On the first night out, at around 9 p.m., the crew lowered the ISIIS into the water via a crane, lit by the ship’s floodlamps. Everyone on the night shift huddled into the control room next to Daprano, eyes glued to the computer screens. As each image flew across the screen a choir of ‘oos’ and ‘ahhs’ broke out.
“It was amazing to see all this diversity,” said Schmid. “This system is unique because we travel fast and ingest a large volume of water (180L s-1), to allow us to sample organisms that are representatively rare. Look at this amazing mosaic of species!”
For Cowen and Schmid, knowing what is happening around the waters of the boat in near real-time is a game-changer.
“In the vast ocean of currents, everything is dynamic,” Cowen said. “If you come back to the same area an hour later, things are going to be different. So, you want the best snapshot, and you want to be able to react. Adaptive sampling means we can recognize points of interest in real-time and then change the course of the ship in accordance. The more targeted your sampler can be, the more effective it is. This is a huge step forward.”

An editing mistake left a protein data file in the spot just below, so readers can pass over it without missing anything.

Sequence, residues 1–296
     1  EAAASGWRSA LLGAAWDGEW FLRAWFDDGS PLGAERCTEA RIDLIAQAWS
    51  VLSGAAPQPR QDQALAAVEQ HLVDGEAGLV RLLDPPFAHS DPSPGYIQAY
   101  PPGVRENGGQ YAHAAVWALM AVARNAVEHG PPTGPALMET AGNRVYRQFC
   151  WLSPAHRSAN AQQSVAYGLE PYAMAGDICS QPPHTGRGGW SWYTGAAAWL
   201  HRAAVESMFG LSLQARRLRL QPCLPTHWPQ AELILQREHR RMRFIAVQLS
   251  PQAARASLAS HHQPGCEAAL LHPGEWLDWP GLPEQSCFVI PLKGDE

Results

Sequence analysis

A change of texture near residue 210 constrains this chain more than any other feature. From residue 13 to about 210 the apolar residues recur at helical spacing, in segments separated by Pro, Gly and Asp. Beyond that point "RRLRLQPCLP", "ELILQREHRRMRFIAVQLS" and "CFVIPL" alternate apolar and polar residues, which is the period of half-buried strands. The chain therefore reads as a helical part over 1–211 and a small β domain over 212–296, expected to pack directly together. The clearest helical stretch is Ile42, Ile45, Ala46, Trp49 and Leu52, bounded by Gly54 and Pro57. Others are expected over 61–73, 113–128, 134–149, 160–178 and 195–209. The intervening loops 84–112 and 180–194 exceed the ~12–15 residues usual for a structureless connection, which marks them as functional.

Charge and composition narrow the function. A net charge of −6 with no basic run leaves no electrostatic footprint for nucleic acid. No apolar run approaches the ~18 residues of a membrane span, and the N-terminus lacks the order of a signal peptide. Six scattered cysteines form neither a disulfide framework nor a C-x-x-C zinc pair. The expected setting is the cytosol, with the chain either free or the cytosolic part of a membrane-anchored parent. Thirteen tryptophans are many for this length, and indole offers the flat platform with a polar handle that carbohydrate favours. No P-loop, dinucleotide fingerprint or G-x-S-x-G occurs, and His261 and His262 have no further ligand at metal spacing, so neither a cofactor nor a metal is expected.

As science pushes technology forward, technology becomes its enabler. An enabler that can open the door to exploring novel scientific questions. “It’s not about you or me. It’s about monitoring the oceans for climate change and understanding how our planet is operating right now,” said Sullivan.
“Technology has to be able to change the way we’re doing science.”
Funding for the ISIIS project and ship time is provided by the National Science Foundation (Award: OCE-2125407)
Photos of the Pacific Ocean, Moritz (Mo) S. Schmid, ISIIS controller, Ultrastar server, the R/V Langseth science systems control room computers, and team of scientists lowering the ISIIS, courtesy of Elizabeth Lafferty.
Photo of the R/V Langseth courtesy of the Office of Marine Operations, LDEO.
Photo of the ISIIS courtesy of Moritz S. Schmid.